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Title:
Air cleaner
United States Patent 2150745
Abstract:
This invention relates to improvements in apparatus for cleaning air and other gases, and more particularly to air cleaners of the liquid bath type, the invention being highly desirable for use in connection with carbureters on internal combustion engines, air compressors, air breaking systems...


Inventors:
Mieras, Merritt A.
Hallerberg, Theodore W.
Publication Date:
03/14/1939
Assignee:
UNITED SPECIALTIES COMPANY
Primary Class:
Other Classes:
55/329, 55/385.3, 55/DIG.21, 55/DIG.27, 181/229
International Classes:
F02M35/026
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Description:

This invention relates to improvements in apparatus for cleaning air and other gases, and more particularly to air cleaners of the liquid bath type, the invention being highly desirable for use in connection with carbureters on internal combustion engines, air compressors, air breaking systems and other mechanisms wherein a supply of clean air is desirable, the invention having other uses and purposes as will be apparent to one skilled in the art.

Air cleaners, when used on carbureters must be designed to occupy a space available beneath the hood of an automobile after the engine, carbureter and other attachments have been installed. In the case of down-draft carbureters, wherein the air cleaner is usually mounted on top of an upwardly extending pipe, this space is very frequently materially limited. Accordingly, the cleaners must be designed with a minimum height, and yet perform with the desired efficiency and with no carry-over of cleansing liquid into the carbureter. The internal structure of the cleaner must therefore not only be able to effectively remove dirt from the air, but in the case of a liquid bath cleaner, must be able to remove entrained liquid from the air which leaves the cleaner.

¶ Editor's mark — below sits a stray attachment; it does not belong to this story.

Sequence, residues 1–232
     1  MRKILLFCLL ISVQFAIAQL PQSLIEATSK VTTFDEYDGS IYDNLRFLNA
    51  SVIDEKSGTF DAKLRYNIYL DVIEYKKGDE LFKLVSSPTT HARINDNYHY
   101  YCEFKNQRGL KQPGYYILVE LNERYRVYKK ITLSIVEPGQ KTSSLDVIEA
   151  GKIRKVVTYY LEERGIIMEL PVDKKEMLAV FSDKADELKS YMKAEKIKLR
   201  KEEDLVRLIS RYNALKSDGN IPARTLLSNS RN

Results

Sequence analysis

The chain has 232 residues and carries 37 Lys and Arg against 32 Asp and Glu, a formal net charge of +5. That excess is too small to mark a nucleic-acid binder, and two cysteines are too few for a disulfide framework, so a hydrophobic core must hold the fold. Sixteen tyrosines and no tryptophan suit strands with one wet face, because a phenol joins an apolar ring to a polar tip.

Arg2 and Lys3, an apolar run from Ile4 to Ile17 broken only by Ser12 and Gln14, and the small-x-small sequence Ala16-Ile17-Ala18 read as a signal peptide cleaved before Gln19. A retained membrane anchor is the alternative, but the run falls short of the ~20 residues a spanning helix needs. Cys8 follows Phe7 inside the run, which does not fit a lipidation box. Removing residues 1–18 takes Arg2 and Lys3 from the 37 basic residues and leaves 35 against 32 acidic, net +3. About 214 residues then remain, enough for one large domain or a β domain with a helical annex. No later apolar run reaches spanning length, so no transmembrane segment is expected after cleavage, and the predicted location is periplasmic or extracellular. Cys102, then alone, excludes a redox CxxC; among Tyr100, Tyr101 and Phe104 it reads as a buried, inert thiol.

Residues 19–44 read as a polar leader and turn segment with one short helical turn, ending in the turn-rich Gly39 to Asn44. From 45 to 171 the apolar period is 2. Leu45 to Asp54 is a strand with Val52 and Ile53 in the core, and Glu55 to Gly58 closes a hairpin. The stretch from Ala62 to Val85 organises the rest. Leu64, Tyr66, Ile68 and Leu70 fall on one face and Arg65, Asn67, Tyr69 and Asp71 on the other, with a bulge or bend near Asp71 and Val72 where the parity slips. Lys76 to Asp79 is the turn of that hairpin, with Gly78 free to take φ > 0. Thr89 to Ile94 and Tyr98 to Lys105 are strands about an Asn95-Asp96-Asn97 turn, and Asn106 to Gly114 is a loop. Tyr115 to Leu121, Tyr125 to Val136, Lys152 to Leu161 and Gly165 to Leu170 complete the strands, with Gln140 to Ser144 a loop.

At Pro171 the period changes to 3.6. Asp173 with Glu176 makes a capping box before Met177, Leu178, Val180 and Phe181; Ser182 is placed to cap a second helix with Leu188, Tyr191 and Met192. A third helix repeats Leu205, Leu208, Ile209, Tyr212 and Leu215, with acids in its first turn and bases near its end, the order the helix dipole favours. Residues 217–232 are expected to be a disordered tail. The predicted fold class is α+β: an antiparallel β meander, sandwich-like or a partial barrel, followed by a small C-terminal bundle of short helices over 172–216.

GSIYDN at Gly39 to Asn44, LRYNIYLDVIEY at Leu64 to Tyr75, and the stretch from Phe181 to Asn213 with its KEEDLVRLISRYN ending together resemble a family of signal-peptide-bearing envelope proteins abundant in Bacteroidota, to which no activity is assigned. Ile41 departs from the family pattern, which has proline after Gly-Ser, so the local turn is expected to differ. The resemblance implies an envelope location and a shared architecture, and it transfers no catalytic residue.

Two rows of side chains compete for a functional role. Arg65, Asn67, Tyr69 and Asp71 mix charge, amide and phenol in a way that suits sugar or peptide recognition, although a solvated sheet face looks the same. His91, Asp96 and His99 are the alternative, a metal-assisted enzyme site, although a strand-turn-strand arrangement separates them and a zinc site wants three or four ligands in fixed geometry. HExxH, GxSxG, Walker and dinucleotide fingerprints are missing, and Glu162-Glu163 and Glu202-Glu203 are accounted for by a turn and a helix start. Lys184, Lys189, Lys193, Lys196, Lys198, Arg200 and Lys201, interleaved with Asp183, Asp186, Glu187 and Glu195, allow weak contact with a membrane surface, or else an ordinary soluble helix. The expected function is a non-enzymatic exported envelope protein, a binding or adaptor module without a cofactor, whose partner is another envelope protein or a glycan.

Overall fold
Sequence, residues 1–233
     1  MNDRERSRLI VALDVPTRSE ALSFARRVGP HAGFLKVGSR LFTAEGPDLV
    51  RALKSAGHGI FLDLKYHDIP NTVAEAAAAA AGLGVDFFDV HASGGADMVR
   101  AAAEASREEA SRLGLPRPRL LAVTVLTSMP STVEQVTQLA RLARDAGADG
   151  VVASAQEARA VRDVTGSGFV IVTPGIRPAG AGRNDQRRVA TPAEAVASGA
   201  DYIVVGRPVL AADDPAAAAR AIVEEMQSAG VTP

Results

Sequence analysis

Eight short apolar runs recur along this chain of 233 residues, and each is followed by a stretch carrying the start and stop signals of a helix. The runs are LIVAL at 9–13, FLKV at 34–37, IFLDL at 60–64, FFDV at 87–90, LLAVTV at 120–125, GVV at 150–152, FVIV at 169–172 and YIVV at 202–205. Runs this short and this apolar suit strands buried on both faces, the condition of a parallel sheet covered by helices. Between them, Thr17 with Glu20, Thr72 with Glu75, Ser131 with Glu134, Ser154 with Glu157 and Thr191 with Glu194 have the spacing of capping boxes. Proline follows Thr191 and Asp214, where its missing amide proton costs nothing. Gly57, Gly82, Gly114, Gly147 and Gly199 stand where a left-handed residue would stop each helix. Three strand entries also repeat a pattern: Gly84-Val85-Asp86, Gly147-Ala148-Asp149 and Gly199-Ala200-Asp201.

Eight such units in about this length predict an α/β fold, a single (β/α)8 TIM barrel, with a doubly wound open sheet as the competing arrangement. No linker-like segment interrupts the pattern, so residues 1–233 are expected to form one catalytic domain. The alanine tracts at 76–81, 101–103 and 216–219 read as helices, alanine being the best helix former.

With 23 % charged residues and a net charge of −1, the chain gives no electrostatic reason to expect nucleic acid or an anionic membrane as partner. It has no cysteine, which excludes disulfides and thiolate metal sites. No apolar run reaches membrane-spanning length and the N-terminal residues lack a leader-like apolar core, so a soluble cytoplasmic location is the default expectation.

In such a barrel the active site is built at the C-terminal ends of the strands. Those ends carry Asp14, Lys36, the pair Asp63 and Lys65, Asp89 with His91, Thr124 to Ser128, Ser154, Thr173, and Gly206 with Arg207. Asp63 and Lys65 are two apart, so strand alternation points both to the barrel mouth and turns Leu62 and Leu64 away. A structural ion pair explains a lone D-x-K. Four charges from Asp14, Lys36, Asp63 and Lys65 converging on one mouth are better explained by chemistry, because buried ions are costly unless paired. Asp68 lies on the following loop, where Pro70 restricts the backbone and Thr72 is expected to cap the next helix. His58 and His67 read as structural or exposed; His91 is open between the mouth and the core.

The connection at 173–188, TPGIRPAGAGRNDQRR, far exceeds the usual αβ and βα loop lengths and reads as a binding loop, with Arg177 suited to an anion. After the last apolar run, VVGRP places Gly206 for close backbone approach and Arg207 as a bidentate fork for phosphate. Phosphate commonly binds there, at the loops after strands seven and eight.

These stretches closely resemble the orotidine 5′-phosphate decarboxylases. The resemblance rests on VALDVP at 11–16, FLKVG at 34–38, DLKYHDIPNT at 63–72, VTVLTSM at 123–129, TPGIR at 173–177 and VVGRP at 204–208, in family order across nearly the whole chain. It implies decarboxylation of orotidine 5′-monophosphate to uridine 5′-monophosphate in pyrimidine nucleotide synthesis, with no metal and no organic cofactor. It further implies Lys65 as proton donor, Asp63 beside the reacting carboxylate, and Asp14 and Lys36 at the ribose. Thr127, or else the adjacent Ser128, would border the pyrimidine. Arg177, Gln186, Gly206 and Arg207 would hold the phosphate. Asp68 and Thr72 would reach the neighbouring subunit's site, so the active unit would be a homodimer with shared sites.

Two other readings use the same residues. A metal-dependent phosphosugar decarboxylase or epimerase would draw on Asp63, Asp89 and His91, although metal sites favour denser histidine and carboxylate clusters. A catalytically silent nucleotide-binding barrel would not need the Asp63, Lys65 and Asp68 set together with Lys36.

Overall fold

In some instances, it is also desirable to incorporate a muffler or silencer arrangement with the air cleaner, and consequently the difficulty in designing a cleaner to occupy a relatively limited space is considerably aggravated because the muffler arrangement also requires space in addition to. the working parts of the cleaner. In addition, in the manufacture of air cleaner, a saving of material is an exceedingly important factor, because economic production is a necessity.

With the foregoing in mind, it is an object of the present invention to provide a highly efficient liquid bath air cleaner capable of occupying a very limited space.

Another object of this invention is the provision of a liquid bath air cleaner having an interior arrangement causing an activation of the liquid in a novel manner resulting in increased cleansing efficiency and permitting the cleaner to be made in a relatively reduced size.

Still another object of this invention is the provision of an air cleaner of the character set forth herein having a casing and baffle arrangement designed to provide an efficient and complete comminglement of incoming air with cleansing liquid within a very limited space.